Vogelsong determined to 'contribute during crunch time'
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Programming note: Giants-Nationals coverage gets underway today with Giants Pregame Live at noon on Comcast SportsNet Bay Area

SAN FRANCISCO – Ryan Vogelsong isn’t circling a date on the calendar.

It’s too soon for that. He has pins sticking out of his pinkie finger, his cast covers his right elbow down to his two smallest digits, and the whole thing is secured to his chest in a sling.

But Vogelsong promises one thing: He won’t take his dear, sweet time coming back.

“Knowing what I went through with Tommy John, they’ll want to back me off,” the Giants’ All-Star right-hander said. “It’s in my nature to try to do a little bit more.”

Right now, there’s not much Vogelsong can do other than chug bottled water and try not to gain any weight. He can’t begin cardio work for a few more days because sweating puts him at greater risk for an infection, since the pins are sticking out of his finger as they stabilize the two fractures he sustained when hit by a pitch Monday night.

But within a few days, Vogelsong expects to start being active. Eventually, he plans to maintain shoulder strength by using ankle weights around his wrist as he does his regular rotator cuff and scapula exercises.

The official prognosis is six to eight weeks to get Vogelsong back on a mound. Dr. Tim McAdams gave Vogelsong some specifics about expected recovery time, but it was shortly after the surgery Tuesday and the right-hander was too foggy to remember most of what he was told.

He hopes the exercises can reduce the amount of time it’ll take him to rebuild his pitch count. 

“Once I get closer and know how the bone is healing up, we can start setting goals at that point,” he said.

For now, Vogelsong plans to stay with the team. That’s one form of therapy.

“I still don’t think it’s set in yet,” he said. “I think once I starts missing starts, maybe (it will). The thing that can help the most, really, is for the team to keep playing well. That definitely will help. That way we’ll get this right and healthy and I'll come back and contribute during crunch time.”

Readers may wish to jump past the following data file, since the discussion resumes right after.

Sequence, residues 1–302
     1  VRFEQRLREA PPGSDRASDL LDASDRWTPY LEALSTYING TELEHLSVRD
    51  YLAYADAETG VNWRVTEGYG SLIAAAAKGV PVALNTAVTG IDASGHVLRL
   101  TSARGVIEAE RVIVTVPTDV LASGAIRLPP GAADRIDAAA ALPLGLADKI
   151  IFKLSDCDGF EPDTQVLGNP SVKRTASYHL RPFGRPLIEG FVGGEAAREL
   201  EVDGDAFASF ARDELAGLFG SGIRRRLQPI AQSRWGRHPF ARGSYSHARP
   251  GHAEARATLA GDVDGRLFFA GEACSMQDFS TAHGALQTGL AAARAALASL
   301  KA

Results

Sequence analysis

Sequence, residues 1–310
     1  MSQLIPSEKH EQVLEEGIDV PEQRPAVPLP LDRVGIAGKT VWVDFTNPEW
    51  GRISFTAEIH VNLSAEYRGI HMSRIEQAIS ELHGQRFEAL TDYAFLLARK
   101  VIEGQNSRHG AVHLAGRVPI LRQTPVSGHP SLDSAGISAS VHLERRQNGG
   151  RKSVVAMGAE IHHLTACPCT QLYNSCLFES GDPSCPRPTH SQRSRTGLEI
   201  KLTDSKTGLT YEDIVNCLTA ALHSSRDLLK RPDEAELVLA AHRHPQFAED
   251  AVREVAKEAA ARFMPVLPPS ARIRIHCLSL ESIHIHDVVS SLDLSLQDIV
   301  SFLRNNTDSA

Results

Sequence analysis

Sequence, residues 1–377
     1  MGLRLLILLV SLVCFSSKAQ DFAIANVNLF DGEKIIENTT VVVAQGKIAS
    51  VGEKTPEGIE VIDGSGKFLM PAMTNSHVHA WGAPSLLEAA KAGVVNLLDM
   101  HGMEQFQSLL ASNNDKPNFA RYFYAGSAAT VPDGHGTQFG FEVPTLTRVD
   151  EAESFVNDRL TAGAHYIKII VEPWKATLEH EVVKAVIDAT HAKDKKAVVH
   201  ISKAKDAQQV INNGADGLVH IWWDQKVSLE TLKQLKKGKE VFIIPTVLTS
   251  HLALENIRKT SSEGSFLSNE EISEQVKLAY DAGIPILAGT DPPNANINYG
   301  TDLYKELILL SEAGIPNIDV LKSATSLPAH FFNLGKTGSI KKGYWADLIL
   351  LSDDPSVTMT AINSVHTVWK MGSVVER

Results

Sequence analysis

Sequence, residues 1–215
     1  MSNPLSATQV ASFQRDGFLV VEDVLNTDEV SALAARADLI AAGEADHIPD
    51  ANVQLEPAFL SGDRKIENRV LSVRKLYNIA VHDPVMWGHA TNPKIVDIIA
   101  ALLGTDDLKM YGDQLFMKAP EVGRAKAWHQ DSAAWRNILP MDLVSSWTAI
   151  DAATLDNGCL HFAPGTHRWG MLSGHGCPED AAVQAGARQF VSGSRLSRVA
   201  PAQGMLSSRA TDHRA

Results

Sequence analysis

Vogelsong said he isn’t in pain – it was more shock than pain even when he got hit – and he’s sleeping about as well as he usually does. His little boy, Ryder, keeps asking to make sure Daddy is OK.

“I’m all right,” said Vogelsong, who plans to remain a visible presence around the team. “I’m staying. I can bring some things to the table, even though I’m not on the field.”


Pablo Sandoval and Brandon Belt were held out of the lineup Wednesday against Nationals left-hander Gio Gonzalez.

Bruce Bochy said Sandoval is “washed out” from a respiratory ailment, which makes his 464-foot, walk-off home run all the more impressive from Tuesday night.

As for Belt, he is dealing with a stiff back. It’s not major and he could play, said Bochy, but Brett Pill is back on the team and Gonzalez is one of the league’s tougher lefties. “So it makes sense,” the manager said.


Marco Scutaro enters with a 19-game hitting streak – the longest in the majors this season, and one away from matching the 20-gamer that he had to end last season.

He’s just 2 for 17 lifetime against Gonzalez, in case you were curious.


The Giants’ home run count is up to 22 in 24 home games. You’ll recall they hit a remarkably low 31 home runs in 81 regular-season home games last year. 

The Giants also have homered in seven consecutive home games.


Congratulations to Giants pitching coach Dave Righetti, who will be inducted into the Bay Area Sports Hall of Fame on Thursday. He’ll join a class that includes former A’s owner Walter A. Haas Jr., former Raiders wide receiver Tim Brown and former 49ers tight end Brent Jones.

Righetti played 16 years in the major leagues and was one of those rare talents who performed at an All-Star level as both a starter and closer. They still can’t play a game at Yankee Stadium on July 4 without thinking of his Independence Day no-hitter against the Red Sox.

And of course, Righetti has built a reputation as one of the game’s finest pitching coaches. He’s from a great Bay Area sports family; his father Leo was a shortstop for the San Francisco Seals in the old PCL.